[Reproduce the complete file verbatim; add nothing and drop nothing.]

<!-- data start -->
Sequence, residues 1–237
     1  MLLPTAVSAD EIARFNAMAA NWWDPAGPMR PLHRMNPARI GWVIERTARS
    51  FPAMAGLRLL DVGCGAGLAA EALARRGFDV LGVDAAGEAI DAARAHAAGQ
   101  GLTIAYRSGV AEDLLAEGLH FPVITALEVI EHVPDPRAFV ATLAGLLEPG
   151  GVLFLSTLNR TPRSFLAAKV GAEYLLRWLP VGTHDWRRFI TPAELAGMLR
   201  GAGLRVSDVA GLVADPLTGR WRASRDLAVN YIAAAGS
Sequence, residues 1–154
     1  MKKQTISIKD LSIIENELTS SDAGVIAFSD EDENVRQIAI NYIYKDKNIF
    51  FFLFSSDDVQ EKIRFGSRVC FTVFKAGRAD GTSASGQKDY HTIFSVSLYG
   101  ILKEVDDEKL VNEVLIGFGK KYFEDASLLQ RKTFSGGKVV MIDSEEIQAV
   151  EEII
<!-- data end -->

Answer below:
Sequence, residues 1–237
     1  MLLPTAVSAD EIARFNAMAA NWWDPAGPMR PLHRMNPARI GWVIERTARS
    51  FPAMAGLRLL DVGCGAGLAA EALARRGFDV LGVDAAGEAI DAARAHAAGQ
   101  GLTIAYRSGV AEDLLAEGLH FPVITALEVI EHVPDPRAFV ATLAGLLEPG
   151  GVLFLSTLNR TPRSFLAAKV GAEYLLRWLP VGTHDWRRFI TPAELAGMLR
   201  GAGLRVSDVA GLVADPLTGR WRASRDLAVN YIAAAGS
Sequence, residues 1–154
     1  MKKQTISIKD LSIIENELTS SDAGVIAFSD EDENVRQIAI NYIYKDKNIF
    51  FFLFSSDDVQ EKIRFGSRVC FTVFKAGRAD GTSASGQKDY HTIFSVSLYG
   101  ILKEVDDEKL VNEVLIGFGK KYFEDASLLQ RKTFSGGKVV MIDSEEIQAV
   151  EEII